1. Overview

In this tutorial, we’ll study the brute-force algorithm and its characteristics.

We’ll first define the article in its more general formulation, in terms of combinatorics. Then, we’ll see its application in a string search.

At the end of this tutorial, we’ll know how a brute-force search works and how to implement it in practice.

2. A Force That’s Brute

Brute-force is an algorithm for exhausting a problem by testing all of its possible solutions or, in terms of strings searches, for finding a substring by checking all of its possible positions. It’s commonly studied in the sector of network security, because of the frequent encountering of brute-force attempts for unauthorized authentication.

The reason for its name lies in the fact that the algorithm attempts all possible solutions, in order, and without any particular preference. In this sense, the algorithm embeds no knowledge of the problem, which makes it therefore either dull or brute.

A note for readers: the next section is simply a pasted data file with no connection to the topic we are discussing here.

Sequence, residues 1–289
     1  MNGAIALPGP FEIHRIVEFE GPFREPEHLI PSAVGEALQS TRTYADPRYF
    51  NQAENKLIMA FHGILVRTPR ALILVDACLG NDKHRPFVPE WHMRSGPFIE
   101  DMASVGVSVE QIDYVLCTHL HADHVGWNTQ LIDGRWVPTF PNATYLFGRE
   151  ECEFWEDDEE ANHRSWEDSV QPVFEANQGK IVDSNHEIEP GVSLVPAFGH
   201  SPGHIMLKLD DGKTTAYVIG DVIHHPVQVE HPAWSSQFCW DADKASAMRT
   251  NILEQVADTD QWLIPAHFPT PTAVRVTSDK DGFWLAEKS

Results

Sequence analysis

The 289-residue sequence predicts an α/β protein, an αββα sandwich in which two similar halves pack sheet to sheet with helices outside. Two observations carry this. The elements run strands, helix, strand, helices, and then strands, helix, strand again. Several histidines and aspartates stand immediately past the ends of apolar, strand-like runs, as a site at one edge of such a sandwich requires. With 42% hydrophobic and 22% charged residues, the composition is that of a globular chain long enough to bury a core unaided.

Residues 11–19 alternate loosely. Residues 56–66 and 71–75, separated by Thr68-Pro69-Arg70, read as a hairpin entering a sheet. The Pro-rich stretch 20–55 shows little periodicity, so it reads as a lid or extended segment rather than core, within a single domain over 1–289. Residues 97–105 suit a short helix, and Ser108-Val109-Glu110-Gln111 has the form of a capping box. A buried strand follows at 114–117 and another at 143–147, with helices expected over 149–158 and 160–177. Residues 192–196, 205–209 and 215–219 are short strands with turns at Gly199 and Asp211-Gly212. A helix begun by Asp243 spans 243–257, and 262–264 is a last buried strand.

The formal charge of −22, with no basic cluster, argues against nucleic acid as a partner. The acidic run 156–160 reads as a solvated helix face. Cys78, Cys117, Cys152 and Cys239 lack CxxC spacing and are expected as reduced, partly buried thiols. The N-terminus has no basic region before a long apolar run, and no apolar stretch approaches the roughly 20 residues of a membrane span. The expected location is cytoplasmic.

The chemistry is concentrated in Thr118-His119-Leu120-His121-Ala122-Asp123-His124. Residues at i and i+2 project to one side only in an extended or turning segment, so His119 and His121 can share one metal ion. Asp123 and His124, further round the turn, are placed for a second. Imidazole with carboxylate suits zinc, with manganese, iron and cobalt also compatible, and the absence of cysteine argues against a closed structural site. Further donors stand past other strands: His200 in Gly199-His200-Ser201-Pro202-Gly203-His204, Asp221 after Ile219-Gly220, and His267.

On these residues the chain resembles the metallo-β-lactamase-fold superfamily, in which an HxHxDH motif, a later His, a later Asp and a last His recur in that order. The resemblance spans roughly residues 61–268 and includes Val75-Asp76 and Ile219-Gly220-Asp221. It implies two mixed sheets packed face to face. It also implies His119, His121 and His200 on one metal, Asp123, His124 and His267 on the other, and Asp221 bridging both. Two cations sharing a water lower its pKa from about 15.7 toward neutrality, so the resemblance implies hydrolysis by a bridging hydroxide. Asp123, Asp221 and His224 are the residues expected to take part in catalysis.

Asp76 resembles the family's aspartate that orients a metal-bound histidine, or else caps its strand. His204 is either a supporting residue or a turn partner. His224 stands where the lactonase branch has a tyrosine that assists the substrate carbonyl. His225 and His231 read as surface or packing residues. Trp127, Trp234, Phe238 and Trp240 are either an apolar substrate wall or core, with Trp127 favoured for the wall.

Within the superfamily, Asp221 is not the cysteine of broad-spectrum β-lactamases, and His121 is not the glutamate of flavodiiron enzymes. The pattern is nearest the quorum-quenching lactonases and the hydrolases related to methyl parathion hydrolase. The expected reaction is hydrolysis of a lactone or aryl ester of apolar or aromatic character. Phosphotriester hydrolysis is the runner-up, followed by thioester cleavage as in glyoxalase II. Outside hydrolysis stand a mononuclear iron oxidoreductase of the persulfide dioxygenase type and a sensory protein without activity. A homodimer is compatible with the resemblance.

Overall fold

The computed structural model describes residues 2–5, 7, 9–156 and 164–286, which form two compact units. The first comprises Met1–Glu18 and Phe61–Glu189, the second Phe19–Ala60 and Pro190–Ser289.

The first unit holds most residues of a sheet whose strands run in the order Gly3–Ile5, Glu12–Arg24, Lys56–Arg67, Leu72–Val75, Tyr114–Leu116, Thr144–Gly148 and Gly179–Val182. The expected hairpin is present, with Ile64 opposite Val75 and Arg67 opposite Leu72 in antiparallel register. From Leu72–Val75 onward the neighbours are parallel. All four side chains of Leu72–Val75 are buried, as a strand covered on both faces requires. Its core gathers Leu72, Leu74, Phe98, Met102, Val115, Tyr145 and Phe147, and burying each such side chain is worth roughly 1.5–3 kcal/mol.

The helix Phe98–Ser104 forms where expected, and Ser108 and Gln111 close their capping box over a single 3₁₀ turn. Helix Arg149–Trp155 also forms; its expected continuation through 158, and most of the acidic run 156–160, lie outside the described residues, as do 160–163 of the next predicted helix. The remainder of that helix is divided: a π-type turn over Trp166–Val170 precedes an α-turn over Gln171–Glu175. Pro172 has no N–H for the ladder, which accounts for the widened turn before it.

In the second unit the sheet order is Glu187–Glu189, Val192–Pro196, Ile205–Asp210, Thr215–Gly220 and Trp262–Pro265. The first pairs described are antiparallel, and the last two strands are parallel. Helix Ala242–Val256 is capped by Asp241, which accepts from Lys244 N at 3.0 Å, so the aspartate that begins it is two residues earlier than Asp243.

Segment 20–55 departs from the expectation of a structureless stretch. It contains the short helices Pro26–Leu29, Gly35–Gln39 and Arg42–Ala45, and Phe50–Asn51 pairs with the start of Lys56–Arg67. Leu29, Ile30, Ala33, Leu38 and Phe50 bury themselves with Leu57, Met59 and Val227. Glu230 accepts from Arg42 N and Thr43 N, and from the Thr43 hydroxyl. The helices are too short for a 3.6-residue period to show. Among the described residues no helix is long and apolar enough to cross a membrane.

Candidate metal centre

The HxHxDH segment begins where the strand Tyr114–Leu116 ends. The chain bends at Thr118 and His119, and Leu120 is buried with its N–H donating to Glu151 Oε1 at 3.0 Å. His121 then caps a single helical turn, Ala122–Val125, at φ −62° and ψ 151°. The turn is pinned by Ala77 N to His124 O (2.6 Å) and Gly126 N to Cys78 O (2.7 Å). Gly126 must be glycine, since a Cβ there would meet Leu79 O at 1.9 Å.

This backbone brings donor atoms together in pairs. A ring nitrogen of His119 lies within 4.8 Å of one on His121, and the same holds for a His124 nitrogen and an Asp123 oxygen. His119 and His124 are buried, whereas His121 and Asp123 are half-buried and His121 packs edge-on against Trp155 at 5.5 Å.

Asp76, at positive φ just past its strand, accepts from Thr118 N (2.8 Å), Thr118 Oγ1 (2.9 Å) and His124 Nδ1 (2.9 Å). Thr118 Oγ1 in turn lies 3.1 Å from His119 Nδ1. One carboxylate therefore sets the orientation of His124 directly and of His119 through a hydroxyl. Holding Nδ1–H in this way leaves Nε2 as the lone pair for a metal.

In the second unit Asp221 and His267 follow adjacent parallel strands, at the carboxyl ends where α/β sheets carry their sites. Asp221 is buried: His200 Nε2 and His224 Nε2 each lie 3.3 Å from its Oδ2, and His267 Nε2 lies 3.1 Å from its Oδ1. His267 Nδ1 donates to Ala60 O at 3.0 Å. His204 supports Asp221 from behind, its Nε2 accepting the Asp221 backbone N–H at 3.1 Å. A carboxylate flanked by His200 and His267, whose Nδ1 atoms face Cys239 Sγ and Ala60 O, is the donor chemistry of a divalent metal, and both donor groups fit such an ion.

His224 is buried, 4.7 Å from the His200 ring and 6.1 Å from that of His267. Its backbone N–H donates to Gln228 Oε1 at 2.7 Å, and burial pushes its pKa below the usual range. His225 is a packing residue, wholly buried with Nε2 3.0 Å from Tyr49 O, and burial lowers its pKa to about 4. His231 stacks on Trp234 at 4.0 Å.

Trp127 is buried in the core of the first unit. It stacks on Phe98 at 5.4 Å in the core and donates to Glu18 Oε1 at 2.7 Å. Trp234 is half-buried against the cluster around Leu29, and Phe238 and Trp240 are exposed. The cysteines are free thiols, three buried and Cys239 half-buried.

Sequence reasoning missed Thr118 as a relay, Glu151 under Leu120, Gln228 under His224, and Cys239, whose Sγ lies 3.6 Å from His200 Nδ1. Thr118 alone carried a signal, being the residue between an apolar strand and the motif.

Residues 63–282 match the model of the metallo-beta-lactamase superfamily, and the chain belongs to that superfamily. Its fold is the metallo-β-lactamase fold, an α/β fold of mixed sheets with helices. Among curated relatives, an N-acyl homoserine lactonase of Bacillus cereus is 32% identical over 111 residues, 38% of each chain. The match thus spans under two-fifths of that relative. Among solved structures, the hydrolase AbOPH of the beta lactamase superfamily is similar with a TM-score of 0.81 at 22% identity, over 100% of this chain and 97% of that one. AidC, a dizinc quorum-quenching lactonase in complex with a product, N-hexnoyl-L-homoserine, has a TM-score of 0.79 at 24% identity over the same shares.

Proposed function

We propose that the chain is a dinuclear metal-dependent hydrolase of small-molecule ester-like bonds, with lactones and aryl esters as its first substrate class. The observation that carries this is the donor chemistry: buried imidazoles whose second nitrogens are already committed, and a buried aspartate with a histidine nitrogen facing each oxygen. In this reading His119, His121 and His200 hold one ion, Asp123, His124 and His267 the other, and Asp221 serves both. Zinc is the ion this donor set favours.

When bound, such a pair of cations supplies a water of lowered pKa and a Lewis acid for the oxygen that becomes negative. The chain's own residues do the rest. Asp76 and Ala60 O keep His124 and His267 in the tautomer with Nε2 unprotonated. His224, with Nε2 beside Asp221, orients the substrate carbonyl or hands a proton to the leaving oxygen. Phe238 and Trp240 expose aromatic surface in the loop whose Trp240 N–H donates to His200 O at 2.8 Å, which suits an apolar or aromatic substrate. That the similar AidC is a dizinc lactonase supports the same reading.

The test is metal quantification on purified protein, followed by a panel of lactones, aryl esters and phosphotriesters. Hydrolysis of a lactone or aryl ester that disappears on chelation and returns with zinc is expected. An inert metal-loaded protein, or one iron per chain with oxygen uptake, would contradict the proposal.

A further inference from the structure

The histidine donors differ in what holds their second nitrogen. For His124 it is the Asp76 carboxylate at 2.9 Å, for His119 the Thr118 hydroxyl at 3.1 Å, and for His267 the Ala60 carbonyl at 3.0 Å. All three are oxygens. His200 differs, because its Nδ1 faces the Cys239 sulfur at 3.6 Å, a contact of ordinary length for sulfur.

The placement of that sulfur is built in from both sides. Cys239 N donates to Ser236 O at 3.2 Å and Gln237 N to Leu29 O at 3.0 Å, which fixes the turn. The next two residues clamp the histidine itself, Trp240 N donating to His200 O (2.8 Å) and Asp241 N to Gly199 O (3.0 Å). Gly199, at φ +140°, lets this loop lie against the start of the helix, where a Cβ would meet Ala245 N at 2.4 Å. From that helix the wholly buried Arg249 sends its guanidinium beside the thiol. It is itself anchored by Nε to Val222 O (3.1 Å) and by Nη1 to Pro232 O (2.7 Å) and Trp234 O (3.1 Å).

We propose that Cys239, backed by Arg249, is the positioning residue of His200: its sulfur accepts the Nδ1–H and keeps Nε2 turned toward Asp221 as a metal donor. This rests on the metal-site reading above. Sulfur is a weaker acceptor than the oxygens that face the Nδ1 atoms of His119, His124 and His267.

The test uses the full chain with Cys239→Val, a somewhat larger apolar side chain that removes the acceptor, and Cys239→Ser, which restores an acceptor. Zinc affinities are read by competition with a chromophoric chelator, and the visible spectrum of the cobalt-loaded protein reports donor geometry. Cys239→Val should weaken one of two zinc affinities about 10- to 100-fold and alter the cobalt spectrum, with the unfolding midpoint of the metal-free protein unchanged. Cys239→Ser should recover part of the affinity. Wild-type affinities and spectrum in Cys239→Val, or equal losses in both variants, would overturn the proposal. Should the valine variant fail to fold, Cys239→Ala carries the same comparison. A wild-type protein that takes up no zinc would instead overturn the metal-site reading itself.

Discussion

Here, we first analyze the brute-force algorithm for the more general problem of sequence matching. Then, we can derive its simplified version for substring matching in strings.

2.1. Brute-Force for Known-Length Sequences

A brute-force search is possible if we know the k symbols S = \{s_1, s_2, ..., s_k\} that a target sequence can contain. If we also know the length n of that sequence, we then proceed in this order:

  1. First, we try the sequence a comprised of k repetitions of s_1
  2. Then, if the sequence fails, we change the first element of a to s_2